Six-team SA derby feast makes sense
There is an art to improvisation ... and SA Rugby have probably got it right if, as speculated, the game will relaunch on our shores with an all-domestic derby extravaganza involving six franchises.
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The intended "rugby rescue" plan from here, it seems, is to pitch into battle from early June the four local Super Rugby sides (Sharks, Stormers, Bulls and Lions) with the addition to the tournament of PRO14 participants the Cheetahs and Kings.
It would also be final confirmation of an admittance of defeat, if you like, when it comes to completing Super Rugby 2020, given the monumental snag of varying degrees of national coronavirus lockdown in the countries involved and the logistical nightmare that would pose for the timing of any resumption.
Desperate for live content to satisfy both broadcasters and sponsors, with multimillions of rands of otherwise frittered-away revenue at stake, the umbrella body has had to prepare for both best-case (this one, optimistically kicking off around June 5) and worst-case scenarios in terms of a time frame for restored first-class activity.
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If this competition goes ahead, it is reportedly earmarked for a two-month period - suggesting that a double round of fixtures might be feasible, I suspect, to roughly the end of July - which would also push back the intended Springbok home Test mini-series against Scotland to later in the year, after an ideally on-schedule Rugby Championship (August and September).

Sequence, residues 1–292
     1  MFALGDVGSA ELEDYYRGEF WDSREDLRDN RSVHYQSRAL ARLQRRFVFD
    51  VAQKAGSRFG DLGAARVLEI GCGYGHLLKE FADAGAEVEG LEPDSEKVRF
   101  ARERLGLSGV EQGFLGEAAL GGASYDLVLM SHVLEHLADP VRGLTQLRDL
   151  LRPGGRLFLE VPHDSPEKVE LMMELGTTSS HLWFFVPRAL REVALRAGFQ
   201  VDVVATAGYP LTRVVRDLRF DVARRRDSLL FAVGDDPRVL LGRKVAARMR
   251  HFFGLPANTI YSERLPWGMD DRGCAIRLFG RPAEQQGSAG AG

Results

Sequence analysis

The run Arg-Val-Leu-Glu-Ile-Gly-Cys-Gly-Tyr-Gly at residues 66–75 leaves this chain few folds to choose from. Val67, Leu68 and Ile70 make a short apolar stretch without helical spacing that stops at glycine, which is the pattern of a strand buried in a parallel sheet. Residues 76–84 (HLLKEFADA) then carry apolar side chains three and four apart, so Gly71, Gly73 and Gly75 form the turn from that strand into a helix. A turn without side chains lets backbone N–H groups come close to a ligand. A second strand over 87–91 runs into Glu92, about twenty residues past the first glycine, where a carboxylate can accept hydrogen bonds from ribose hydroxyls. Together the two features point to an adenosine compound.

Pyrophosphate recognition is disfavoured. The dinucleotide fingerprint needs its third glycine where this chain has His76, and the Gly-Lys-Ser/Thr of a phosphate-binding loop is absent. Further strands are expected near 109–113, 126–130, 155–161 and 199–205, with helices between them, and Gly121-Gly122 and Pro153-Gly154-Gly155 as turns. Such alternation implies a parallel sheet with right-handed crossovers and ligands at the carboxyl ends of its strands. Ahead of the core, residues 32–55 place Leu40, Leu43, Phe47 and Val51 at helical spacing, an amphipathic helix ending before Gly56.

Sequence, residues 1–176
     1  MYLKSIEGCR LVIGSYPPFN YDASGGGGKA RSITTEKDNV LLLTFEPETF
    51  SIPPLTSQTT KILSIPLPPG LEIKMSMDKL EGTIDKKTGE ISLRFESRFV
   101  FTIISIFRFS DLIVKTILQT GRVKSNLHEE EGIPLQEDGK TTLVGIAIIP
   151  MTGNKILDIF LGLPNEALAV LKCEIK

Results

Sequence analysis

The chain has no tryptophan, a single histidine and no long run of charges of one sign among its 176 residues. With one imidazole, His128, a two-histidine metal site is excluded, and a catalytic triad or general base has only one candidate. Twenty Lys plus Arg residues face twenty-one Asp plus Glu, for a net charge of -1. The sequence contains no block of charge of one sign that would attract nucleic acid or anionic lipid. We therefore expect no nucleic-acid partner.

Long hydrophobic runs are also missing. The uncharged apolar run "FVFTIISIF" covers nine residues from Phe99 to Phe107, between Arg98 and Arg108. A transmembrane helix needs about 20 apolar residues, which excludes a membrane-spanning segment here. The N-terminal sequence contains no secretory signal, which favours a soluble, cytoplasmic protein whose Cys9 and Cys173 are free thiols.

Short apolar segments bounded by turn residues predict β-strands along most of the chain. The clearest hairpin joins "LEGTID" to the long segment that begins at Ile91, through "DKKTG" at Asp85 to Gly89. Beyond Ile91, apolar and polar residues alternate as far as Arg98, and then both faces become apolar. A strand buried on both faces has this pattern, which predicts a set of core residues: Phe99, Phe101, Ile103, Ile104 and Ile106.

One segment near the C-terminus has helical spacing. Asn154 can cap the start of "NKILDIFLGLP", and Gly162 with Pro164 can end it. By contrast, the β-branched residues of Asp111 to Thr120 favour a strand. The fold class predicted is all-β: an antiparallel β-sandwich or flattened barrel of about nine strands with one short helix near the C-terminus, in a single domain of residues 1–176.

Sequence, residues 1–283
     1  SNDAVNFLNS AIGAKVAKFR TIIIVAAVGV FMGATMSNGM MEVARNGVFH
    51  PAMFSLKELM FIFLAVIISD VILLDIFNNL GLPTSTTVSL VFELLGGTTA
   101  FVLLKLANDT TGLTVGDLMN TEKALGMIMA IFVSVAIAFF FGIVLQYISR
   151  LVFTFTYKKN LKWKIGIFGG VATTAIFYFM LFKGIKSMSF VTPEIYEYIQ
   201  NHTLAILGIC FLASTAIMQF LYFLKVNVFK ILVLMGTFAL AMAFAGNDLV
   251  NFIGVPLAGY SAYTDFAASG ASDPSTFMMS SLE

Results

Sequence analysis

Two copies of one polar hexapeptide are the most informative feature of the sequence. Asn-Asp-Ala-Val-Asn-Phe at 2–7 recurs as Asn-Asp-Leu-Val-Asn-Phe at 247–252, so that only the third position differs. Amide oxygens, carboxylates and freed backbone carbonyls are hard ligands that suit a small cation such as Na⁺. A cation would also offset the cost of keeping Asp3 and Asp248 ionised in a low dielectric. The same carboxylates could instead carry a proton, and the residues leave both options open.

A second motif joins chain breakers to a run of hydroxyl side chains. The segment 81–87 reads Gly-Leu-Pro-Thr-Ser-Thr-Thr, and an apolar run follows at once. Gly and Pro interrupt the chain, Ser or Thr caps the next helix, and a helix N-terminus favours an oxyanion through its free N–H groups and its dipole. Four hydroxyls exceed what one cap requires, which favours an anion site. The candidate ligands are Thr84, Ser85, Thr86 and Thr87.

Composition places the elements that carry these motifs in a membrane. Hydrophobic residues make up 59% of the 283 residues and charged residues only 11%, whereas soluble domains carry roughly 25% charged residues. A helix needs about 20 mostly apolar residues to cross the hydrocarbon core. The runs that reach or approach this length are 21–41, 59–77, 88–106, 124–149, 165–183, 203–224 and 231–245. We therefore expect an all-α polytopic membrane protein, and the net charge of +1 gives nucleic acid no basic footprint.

My own gut feeling is that early June will remain a little early to anticipate any live rugby in South Africa, even in the highly likely event that the tournament is played entirely behind closed doors.
But if it IS possible for a green light from later in that month or the outset of July, then it could pretty seamlessly switch to a single round of fixtures if necessary (probably with a final to close it out?).
A single host venue is a likely scenario, giving scope to the possibility that it is staged well away from the more densely-packed metropolises of, for example, Johannesburg, Durban and Cape Town.
In discussing the possible backdrop with fellow rugby devotees on Twitter over the weekend, my suggestion of Potchefstroom, with its (very likely) dry winter climate and trumpeted university/sports institute infrastructure, appeared to go down quite well.
Still, that's putting cart before horse: first we need clarity on when the national lockdown is going to be eased sufficiently to allow for sport to resume, and even then with it riddled in substantial peril about prospects for virus infection just among participants.
But at very least, rugby minds are active, and that's good for the soul …
*Rob Houwing is Sport24's chief writer. Follow him on Twitter: @RobHouwing